From June 15 through June 22, the General Assembly of the Presbyterian Church USA (PCUSA), a Protestant denomination with approximately 2.3 million members, will pass judgment on the defense policies of Israel as it defends itself from terror attacks from the Hamas-dominated Palestinian Authority. The leadership of the PCUSA should consider more than just the Palestinian perspective, to acknowledge the 58-year history of Arab rejectionism toward the State of Israel, and to vote to rescind the unfair and counterproductive selective divestment initiative begun in 2004.
Palestinian Christian leaders are offering a distorted narrative of the recent round of fighting between Israel and its adversaries, Hamas and Hezbollah, demonstrating once again their propensity to denigrate the Jewish homeland to Western audiences.
Mainline Christian churches and their umbrella organizations have routinely characterized the Arab-Israeli conflict as a consequence of Israeli intransigence and have ignored Arab refusal to accept the existence of a Jewish State in the Middle East. This trend persists in the face of recent attacks by Hamas and Hezbollah.
After publishing an error-filled column by Robert Novak, the Washington Post ran the following CAMERA letter addressing the column's flaws.
Instead of correcting the mistakes in his February 16th column about Israel's security barrier, Novak added more bluster and blunders when on April 16 he returned to the subject.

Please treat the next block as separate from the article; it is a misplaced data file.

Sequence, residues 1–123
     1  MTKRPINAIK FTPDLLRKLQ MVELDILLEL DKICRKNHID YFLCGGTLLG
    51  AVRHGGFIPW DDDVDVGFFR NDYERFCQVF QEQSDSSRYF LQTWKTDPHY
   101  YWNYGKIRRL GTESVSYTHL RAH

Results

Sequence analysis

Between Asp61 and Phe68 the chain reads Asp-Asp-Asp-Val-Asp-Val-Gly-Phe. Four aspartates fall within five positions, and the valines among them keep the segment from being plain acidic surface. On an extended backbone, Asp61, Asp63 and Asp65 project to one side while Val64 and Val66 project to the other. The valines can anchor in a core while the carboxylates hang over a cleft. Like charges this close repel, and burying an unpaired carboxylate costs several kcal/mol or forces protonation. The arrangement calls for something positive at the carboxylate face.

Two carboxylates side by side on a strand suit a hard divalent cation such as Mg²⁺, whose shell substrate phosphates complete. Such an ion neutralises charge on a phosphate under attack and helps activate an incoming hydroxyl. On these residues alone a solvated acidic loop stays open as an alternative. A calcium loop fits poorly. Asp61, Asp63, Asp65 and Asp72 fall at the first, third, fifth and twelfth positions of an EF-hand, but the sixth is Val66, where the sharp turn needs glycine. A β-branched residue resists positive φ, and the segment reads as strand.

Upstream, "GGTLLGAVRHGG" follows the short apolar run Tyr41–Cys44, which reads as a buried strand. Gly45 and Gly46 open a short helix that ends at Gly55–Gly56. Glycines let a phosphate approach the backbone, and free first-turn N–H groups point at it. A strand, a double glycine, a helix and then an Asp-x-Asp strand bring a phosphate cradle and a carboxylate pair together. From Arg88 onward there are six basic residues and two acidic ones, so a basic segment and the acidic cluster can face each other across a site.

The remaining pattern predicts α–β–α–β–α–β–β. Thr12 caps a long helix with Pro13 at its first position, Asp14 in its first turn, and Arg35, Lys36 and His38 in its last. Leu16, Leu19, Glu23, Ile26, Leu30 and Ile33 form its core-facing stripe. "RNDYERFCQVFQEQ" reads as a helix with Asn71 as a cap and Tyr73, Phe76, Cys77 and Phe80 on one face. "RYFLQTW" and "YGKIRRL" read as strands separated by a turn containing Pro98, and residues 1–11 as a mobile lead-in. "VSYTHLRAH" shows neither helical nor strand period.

Syndicated columnist Robert Novak's commentary on Palestinian Christians and the West Bank village of Aboud, published in the Chicago Sun-Times and the Washington Post, was an egregious example of revisionism. It featured false premises relying on repeated errors.
Columnist James Wall of Christian Century magazine claimed that Israel's security barrier "completely surrounds" Bethlehem. Although this is patently untrue—even according to PLO maps of the Israeli barrier—editors refuse to correct the error, simply because Wall, a regular critic of Israel, "stands by" his observation.
In a recent Op-Ed, George Bisharat, a professor at UC Hastings College of the Law, vastly overstated U.S. aid to Israel and entirely misrepresented Arab and Jewish demographics in Jerusalem.
In his October 20th column, Chicago Tribune public editor Don Wycliff weighed in on the debate surrounding Sabeel, a Jerusalem-based Palestinian Christian organization which is accused of reviving the anti-Semitic "teaching of contempt" dogma long repudiated by most of the Christian world. Wycliff stated that the organization does "classy work."
A Muslim mob converged on the Palestinian Christian town of Taibeh, burning and looting 13 homes owned by relatives of a man suspected of having an affair and impregnating a 30-year-old Muslim woman who worked for him. Prior to the mob attack, in yet another suspected "honor killing," the pregnant woman, Hiyam Ajaj, was found dead from poison.